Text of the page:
August 17, 2017
Our team at the Center for Climate Change and Health stands in solidarity with those terrorized by the violence and hatred of white supremacists and neo-nazis in Charlottesville, Virginia. What happened in Charlottesville is just one more reminder that white supremacy, racism, and bigotry remain a matter of life and death for communities of color. We stand against racism and oppression as a moral responsibility. But it is also fundamental to our fight against climate change, a matter of life and death for people around the world. What’s the connection?
Climate change, health inequities, and the oppression and marginalization of people of color and people living in poverty share a root cause: exploitation and greed. Just as we confront the powerful institutions that exploit our planet and burn fossil fuels for profit,we must confront the white supremacist forces that have upheld centuries of race-based exploitation that persist today in the form of inequitable distribution of resources by race, class, and neighborhood Our most vulnerable communities – communities of color, low-income communities, indigenous communities, migrants, and other historically disenfranchised groups – have been systematically stripped of political, social, and economic power. The result is that they bear disproportionate environmental burdens, worse health status, and greater vulnerability to the impacts of climate change.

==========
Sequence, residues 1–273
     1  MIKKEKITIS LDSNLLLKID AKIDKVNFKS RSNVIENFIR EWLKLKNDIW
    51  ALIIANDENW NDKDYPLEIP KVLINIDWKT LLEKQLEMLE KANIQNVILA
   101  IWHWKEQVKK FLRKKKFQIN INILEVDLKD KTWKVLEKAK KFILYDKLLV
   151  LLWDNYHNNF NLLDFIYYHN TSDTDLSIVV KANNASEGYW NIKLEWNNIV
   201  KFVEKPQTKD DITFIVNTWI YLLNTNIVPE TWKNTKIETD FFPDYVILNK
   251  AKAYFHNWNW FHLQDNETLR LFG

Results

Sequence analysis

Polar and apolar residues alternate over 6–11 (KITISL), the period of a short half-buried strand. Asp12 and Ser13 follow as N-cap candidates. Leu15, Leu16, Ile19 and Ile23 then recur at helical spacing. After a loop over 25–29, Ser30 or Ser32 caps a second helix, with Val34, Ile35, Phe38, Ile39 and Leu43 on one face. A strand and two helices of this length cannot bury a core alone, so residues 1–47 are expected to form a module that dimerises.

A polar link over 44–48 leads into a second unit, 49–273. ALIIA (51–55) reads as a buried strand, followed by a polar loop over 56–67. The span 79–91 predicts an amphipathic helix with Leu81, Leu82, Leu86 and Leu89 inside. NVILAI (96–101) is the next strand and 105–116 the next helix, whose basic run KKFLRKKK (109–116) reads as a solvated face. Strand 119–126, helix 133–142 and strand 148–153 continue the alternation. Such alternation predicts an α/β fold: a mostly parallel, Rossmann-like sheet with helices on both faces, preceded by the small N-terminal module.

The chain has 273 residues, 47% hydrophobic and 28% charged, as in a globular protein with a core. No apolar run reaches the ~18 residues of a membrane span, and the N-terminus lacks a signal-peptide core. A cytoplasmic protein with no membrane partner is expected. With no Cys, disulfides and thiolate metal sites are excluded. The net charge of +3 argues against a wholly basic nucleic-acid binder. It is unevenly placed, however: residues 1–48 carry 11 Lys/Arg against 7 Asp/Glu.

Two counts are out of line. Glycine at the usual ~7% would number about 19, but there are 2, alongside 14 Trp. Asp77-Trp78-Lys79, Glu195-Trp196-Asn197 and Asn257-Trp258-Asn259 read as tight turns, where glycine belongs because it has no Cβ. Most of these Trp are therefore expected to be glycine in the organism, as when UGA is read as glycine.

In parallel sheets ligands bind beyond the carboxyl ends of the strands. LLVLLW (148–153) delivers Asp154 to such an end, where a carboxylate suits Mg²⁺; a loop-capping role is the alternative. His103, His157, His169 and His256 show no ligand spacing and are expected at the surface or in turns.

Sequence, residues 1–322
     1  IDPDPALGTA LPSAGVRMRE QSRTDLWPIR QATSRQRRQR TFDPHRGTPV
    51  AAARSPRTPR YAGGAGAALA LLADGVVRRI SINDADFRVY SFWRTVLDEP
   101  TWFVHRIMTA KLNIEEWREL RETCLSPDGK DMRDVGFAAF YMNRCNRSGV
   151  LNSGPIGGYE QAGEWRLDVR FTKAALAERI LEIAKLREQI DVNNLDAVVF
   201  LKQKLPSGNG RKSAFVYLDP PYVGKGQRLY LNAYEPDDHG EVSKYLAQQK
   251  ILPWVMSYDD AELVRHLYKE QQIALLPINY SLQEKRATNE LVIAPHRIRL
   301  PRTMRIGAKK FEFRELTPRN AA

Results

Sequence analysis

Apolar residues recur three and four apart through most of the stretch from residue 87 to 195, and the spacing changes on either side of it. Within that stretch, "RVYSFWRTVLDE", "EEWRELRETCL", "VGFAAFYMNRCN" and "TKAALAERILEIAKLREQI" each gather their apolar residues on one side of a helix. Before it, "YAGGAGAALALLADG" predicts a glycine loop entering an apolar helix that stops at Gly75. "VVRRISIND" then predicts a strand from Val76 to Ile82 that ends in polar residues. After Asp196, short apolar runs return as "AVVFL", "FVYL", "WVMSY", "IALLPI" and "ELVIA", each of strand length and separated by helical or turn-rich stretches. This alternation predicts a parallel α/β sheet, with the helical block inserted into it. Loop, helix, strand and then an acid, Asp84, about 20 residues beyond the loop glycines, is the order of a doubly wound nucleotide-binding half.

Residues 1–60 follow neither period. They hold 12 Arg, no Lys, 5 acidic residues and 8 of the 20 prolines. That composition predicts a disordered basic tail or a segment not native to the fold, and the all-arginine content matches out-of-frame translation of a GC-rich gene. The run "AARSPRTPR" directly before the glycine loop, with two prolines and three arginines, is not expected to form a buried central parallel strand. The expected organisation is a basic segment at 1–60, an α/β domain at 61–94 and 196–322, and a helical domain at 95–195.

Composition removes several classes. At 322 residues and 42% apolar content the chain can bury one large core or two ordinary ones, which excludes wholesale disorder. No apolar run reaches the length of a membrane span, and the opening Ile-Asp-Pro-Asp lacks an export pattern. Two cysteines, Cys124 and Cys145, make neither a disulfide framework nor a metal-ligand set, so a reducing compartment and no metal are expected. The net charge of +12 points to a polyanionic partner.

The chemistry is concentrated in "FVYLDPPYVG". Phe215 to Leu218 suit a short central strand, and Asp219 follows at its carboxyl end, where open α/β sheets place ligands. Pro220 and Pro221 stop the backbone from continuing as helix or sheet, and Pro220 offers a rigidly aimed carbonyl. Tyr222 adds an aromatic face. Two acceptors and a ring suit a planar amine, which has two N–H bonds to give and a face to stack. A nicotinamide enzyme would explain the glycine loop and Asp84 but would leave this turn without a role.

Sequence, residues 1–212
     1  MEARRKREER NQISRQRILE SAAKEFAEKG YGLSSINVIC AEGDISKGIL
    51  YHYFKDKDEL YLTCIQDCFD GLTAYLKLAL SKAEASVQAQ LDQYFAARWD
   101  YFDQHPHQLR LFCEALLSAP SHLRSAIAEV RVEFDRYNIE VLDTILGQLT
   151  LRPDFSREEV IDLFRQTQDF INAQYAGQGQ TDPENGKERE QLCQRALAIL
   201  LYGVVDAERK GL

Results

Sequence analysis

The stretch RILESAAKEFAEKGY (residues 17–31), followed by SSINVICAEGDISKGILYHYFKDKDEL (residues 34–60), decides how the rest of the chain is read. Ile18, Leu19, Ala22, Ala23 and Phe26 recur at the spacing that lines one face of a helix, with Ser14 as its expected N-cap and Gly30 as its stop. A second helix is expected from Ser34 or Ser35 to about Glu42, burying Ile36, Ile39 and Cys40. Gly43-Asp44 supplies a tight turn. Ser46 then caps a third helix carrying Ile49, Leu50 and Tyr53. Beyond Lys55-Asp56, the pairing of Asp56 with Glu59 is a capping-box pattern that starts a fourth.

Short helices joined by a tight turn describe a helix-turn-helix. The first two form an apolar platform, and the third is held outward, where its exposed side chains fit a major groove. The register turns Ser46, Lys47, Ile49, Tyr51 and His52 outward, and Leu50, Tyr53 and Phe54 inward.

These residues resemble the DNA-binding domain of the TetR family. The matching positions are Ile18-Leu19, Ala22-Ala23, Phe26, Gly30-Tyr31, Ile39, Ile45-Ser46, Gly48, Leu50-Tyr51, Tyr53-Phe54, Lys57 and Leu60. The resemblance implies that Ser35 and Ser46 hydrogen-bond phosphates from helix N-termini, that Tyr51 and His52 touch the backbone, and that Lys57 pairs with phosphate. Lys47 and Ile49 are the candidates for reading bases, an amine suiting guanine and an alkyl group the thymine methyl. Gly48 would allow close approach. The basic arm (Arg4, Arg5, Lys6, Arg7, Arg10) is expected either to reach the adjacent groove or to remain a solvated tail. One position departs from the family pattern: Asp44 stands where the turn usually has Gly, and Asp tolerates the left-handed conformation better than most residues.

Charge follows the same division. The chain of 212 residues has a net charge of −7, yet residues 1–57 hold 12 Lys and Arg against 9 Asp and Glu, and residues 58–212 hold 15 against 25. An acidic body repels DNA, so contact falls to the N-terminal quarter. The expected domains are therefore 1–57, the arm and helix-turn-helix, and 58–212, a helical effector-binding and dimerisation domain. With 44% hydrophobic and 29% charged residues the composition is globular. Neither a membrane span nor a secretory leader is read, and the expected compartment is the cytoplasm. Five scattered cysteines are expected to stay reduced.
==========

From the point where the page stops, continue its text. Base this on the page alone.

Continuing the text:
We cannot address climate change without addressing the underlying inequitable distribution of social, economic, and political power, fueled by racist ideologies. We cannot fight climate change without transforming systems founded on exploitation – of people and the planet. Standing up against racism, oppression, and inequality are part and parcel of our work to promote a healthy, equitable, and climate resilient future for all.
USCHA Staff: Zach Baker, Laura Buckley, Catherine Harrison, Heather Kuiper, Neil Maizlish, Savannah North, Linda Rudolph, Minna Toloui